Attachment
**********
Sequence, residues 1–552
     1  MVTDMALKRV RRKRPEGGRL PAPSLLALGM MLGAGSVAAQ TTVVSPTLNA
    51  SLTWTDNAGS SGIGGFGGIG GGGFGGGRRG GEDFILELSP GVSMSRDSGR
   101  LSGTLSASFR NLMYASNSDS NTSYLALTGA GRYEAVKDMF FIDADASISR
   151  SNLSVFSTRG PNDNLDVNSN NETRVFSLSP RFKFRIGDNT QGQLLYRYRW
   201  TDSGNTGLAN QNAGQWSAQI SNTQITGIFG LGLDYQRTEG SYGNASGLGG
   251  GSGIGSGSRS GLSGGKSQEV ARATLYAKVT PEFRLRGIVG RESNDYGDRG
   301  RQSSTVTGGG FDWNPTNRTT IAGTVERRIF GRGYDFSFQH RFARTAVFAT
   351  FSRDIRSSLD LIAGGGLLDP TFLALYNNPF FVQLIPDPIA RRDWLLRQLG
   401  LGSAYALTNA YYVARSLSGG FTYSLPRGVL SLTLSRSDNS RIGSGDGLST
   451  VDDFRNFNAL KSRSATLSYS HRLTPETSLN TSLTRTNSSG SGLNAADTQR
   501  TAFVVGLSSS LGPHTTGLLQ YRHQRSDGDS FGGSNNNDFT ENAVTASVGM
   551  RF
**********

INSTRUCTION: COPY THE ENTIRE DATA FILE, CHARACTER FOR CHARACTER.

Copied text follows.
Sequence, residues 1–552
     1  MVTDMALKRV RRKRPEGGRL PAPSLLALGM MLGAGSVAAQ TTVVSPTLNA
    51  SLTWTDNAGS SGIGGFGGIG GGGFGGGRRG GEDFILELSP GVSMSRDSGR
   101  LSGTLSASFR NLMYASNSDS NTSYLALTGA GRYEAVKDMF FIDADASISR
   151  SNLSVFSTRG PNDNLDVNSN NETRVFSLSP RFKFRIGDNT QGQLLYRYRW
   201  TDSGNTGLAN QNAGQWSAQI SNTQITGIFG LGLDYQRTEG SYGNASGLGG
   251  GSGIGSGSRS GLSGGKSQEV ARATLYAKVT PEFRLRGIVG RESNDYGDRG
   301  RQSSTVTGGG FDWNPTNRTT IAGTVERRIF GRGYDFSFQH RFARTAVFAT
   351  FSRDIRSSLD LIAGGGLLDP TFLALYNNPF FVQLIPDPIA RRDWLLRQLG
   401  LGSAYALTNA YYVARSLSGG FTYSLPRGVL SLTLSRSDNS RIGSGDGLST
   451  VDDFRNFNAL KSRSATLSYS HRLTPETSLN TSLTRTNSSG SGLNAADTQR
   501  TAFVVGLSSS LGPHTTGLLQ YRHQRSDGDS FGGSNNNDFT ENAVTASVGM
   551  RF